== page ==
In the bar’s first four days, Thrasher went through four bottles of the cocktail’s Smooth Ambler Old Scout Bourbon. “If you’re going to open a cocktail bar, you have good cocktails, and people will come, even if you’re in the suburbs or downtown D.C. Trust me—they’re coming here.”
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Thrasher got into bartending at age 20, while a student at Virginia Commonwealth University in Richmond. Six months into Thrasher’s job as a bar back, the bartender stopped showing up. Armed with a Mr. Boston bar guide, Thrasher took his place.
But it wasn’t until 1996, when Thrasher went to work for José Andrés at Café Atlántico, that the cocktails became something of an art. Seeing someone his age (Thrasher is now 42, Andrés 43) become so successful inspired Thrasher. “If he can do it, why can’t I?” Thrasher recalls thinking. In six years with Think Food Group, he experimented with ingredient-driven Caribbean cocktails and put together Café Atlántico’s wine list.
In early 2003, he went to work at Signatures, disgraced lobbyist Jack Abramoff’s ill-fated Penn Quarter spot, where Thrasher says he learned how not to run a business. At the same time, plans to open a restaurant with a chef friend fell through. “I grew my hair really long, because I was completely and unequivocally fed up with the restaurant business,” Thrasher says. He’s been a certified scuba diver since age 12, so he and his wife decided to sell their condo in Falls Church and move to the Caribbean island of Bonaire.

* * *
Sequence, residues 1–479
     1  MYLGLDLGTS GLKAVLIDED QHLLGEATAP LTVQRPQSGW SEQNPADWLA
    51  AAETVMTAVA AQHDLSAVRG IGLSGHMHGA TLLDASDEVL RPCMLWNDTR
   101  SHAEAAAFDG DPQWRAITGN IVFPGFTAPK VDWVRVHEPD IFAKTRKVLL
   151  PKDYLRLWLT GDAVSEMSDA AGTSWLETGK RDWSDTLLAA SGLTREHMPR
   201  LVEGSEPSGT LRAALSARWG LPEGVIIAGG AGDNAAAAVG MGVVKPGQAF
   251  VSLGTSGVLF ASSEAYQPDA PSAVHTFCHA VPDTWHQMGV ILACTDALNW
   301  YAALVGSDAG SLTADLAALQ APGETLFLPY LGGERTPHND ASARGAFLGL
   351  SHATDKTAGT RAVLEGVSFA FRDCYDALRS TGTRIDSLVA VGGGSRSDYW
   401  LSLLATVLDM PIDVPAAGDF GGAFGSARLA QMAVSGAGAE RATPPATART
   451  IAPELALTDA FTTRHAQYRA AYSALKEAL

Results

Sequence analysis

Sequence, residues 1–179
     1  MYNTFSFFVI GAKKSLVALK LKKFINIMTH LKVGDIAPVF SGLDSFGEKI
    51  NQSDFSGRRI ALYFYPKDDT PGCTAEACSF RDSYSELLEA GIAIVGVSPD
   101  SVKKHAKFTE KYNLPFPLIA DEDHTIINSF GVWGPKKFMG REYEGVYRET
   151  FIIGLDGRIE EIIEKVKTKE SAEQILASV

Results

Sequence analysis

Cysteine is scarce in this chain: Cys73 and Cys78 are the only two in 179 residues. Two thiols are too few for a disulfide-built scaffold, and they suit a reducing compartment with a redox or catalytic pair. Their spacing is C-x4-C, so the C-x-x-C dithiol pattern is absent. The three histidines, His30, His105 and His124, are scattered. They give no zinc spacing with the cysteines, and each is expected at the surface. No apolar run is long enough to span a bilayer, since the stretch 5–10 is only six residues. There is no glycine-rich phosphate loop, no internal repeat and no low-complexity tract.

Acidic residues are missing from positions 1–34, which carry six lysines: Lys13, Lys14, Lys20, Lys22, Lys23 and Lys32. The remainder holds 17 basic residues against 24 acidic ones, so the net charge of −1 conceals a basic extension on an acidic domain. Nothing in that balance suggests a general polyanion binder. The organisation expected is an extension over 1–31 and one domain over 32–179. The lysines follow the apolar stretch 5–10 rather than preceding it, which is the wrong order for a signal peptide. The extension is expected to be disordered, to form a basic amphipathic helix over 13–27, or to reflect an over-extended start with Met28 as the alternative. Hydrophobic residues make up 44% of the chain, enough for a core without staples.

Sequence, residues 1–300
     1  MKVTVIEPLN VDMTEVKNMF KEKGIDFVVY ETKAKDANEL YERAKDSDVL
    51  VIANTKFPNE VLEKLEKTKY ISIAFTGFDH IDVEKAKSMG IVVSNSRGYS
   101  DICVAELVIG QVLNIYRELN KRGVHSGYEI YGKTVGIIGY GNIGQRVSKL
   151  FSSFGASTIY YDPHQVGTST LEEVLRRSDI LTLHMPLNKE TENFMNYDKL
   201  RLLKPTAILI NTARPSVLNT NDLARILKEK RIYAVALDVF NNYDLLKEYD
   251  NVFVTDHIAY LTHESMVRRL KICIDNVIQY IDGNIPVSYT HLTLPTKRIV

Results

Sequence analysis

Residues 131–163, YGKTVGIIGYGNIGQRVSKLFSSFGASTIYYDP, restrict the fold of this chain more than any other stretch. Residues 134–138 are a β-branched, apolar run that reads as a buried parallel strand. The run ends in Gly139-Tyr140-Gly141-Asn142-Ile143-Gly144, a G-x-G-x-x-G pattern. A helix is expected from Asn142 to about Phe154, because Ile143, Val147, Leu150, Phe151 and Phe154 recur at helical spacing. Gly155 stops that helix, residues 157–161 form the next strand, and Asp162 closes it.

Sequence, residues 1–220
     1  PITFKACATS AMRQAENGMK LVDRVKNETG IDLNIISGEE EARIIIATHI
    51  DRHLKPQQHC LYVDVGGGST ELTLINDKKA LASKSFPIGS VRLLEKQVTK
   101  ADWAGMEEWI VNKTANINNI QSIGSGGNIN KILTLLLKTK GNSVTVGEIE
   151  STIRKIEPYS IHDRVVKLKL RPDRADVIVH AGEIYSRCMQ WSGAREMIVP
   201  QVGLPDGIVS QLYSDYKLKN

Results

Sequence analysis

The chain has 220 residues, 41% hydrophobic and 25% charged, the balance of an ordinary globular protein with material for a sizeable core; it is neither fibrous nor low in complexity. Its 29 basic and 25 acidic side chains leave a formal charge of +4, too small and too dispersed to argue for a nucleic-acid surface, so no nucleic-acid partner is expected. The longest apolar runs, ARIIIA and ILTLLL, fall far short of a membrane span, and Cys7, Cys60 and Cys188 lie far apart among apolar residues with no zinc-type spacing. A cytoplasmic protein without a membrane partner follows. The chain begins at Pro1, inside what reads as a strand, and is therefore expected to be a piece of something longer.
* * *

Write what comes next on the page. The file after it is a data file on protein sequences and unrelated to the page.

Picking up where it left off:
After Thrasher returned from a two-week scuba training class, a friend called to say Cathal Armstrong was looking for someone to help open Restaurant Eve. Thrasher agreed to assemble the wine list before moving.
Six weeks later, Thrasher was helping train staff when Meshelle introduced him as the general manager and partner. “I’m like, ‘What is this? No, we’re leaving.’ And then we never left,” says Thrasher, who became a 50/50 partner in the restaurant group two years later when Eamonn’s and PX opened.
Shortly after Restaurant Eve opened, Armstrong remembers, Thrasher was making a strawberry cocktail with fruit from the grocery store. Armstrong asked why he didn’t use the restaurant’s strawberries from the farmers market. “What’s quite common in the restaurant business is beverage is a second-class citizen below food,” Armstrong says. He wanted Thrasher to understand that was not the case. “A cocktail is as important to the experience as the appetizer, the entree, or the dessert.”